New data from the Mortgage Bankers Association shows that buyers are coming back to the market sooner than expected, as states reopen from the nationwide coronavirus shutdown.
The MBA’s Weekly Mortgage Applications Survey for the week ending May 29 shows that the seasonally adjusted Purchase Index increased 5% from one week earlier. While the unadjusted Purchase Index decreased 7% compared to the previous week, it was 18% higher than the same week one year ago.
That’s a significant number, because it demonstrates the strength of buyer demand, even in this current coronavirus-impacted economy.
“Purchase applications continued their recent ascent, increasing 5% last week and 18% compared to a year ago,” said MBA Associate Vice President Joel Kan in a press release. “The pent-up demand from homebuyers returning to the market continues to support a recovery from the weekly declines observed earlier this spring.”
Meanwhile, the Refinance Index decreased 9% from the previous week, although it was still a whopping 137% higher than the same week one year ago.
“In contrast to the upswing in purchase activity, refinance applications fell for the seventh consecutive week – even as the 30-year fixed rate hit another MBA survey-low of 3.37%,” Kan added. “After reaching a peak of 76% earlier this year, refinances now account for less than 60% of activity.”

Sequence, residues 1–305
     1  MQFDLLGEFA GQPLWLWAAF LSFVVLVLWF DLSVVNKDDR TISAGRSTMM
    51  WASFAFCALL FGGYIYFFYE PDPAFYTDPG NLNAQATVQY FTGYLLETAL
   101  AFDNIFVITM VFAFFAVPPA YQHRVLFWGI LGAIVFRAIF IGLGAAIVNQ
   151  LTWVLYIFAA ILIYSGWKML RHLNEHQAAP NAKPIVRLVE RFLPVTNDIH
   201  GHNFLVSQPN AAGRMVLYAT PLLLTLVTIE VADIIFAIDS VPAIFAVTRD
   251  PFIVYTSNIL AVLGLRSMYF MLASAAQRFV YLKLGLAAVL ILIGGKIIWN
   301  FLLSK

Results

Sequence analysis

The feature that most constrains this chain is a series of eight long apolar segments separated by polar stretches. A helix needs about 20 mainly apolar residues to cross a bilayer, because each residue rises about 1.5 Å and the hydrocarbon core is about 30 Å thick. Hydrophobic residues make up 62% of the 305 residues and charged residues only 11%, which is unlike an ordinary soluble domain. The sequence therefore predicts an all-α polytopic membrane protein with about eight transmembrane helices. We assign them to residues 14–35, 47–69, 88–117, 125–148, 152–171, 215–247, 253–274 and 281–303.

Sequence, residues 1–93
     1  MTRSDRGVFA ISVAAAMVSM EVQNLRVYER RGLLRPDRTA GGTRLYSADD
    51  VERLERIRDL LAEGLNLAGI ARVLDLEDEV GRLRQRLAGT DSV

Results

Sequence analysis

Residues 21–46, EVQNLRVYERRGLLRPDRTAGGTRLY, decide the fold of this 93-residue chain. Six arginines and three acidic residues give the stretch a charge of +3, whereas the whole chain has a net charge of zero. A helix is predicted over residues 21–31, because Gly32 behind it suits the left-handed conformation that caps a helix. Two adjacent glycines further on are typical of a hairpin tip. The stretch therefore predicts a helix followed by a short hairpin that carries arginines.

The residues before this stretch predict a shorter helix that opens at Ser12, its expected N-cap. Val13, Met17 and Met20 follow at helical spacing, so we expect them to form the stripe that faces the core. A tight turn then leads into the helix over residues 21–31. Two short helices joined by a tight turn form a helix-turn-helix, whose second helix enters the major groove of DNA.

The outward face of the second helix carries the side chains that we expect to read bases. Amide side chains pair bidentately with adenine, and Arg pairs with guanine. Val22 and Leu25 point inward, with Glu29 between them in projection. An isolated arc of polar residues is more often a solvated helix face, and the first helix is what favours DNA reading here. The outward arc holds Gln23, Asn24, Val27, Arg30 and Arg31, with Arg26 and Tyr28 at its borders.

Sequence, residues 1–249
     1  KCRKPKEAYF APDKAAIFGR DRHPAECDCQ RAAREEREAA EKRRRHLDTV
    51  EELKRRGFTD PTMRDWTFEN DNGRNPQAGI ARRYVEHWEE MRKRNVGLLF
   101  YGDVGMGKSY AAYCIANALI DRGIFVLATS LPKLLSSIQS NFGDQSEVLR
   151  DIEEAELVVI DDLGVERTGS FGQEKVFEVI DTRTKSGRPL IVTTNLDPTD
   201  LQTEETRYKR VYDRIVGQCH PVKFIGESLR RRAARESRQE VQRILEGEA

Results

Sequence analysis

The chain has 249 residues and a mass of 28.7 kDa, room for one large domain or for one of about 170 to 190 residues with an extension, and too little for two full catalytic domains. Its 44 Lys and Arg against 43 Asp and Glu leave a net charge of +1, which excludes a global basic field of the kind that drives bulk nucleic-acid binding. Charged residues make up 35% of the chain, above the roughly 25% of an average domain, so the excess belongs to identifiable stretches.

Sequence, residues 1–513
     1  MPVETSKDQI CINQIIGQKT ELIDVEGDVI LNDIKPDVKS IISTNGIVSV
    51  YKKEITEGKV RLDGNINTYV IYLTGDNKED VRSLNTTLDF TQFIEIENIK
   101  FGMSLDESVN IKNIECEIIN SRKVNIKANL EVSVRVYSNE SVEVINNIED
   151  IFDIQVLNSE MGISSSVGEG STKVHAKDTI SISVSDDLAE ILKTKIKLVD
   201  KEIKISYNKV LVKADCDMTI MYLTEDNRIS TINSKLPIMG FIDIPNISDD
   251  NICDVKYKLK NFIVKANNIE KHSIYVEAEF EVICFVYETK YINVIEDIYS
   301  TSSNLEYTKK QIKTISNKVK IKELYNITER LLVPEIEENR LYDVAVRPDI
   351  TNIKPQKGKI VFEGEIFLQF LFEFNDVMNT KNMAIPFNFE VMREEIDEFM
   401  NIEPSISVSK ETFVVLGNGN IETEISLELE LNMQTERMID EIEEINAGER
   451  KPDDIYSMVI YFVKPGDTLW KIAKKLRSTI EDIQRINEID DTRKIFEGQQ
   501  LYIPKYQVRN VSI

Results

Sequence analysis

While the drop in refinancing activity may be a reflection of a reduction in the availability of loans, as lenders deal with a drop in liquidity, it’s potentially a good sign. Refinancing encourages homeowners to stay put and increases tenure length, reducing the supply of existing homes for sale. According to a recent study conducted by Attom Data Solutions, American homeowners’ length of stay in one home hit a high of 8.21 years in Q4 2019, the longest average home seller tenure since Attom began collecting the data in 2000.
While low mortgage rates — now down to 3.42% for a 30-year fixed — are currently buoying demand, first-time homebuyers aren’t necessarily taking advantage of them. According to the MBA report, the FHA share of total applications remained unchanged from 11.2% the week prior. Meanwhile, the VA share of total applications decreased to 12% from 13.4% the week prior.
“There are still many households affected by the widespread job losses and current economic downturn,” Kan said. “High unemployment and low housing supply may restrain a more meaningful rebound in purchase applications in the coming months.”